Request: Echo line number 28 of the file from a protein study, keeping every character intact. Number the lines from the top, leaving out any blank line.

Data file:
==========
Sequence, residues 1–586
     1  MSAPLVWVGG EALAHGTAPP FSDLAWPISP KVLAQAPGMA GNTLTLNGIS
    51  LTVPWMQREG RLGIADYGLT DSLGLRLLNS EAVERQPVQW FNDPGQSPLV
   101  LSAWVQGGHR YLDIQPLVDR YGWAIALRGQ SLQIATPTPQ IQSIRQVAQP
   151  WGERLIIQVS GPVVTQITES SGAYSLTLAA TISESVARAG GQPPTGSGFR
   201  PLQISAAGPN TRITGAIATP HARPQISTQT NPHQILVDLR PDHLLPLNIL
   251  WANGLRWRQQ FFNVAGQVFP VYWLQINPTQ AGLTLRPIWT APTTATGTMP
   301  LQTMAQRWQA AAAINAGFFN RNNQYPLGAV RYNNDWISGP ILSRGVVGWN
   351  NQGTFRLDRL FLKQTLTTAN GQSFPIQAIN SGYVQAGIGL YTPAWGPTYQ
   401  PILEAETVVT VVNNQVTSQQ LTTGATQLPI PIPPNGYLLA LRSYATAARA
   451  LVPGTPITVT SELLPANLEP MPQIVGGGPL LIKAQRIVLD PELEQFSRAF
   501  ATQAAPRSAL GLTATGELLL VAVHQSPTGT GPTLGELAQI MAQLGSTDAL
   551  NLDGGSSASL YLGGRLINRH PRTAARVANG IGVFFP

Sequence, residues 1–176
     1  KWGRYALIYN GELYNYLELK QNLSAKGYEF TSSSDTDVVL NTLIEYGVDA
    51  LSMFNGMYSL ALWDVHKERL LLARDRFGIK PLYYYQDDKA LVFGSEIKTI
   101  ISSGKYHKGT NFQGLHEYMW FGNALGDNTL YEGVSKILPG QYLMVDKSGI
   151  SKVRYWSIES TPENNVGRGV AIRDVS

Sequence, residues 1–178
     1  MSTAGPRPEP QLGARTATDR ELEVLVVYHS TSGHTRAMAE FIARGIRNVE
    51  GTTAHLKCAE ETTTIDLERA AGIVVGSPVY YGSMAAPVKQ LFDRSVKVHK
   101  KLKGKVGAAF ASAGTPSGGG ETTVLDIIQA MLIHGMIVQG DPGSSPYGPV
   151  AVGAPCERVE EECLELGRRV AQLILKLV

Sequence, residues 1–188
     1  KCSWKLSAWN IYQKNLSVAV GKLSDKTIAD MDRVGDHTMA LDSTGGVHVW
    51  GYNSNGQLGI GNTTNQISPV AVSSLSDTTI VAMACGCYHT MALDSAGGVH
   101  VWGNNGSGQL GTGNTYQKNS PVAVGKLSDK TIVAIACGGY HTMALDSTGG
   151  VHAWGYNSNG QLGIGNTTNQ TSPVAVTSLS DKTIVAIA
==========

   151  VHAWGYNSNG QLGIGNTTNQ TSPVAVTSLS DKTIVAIA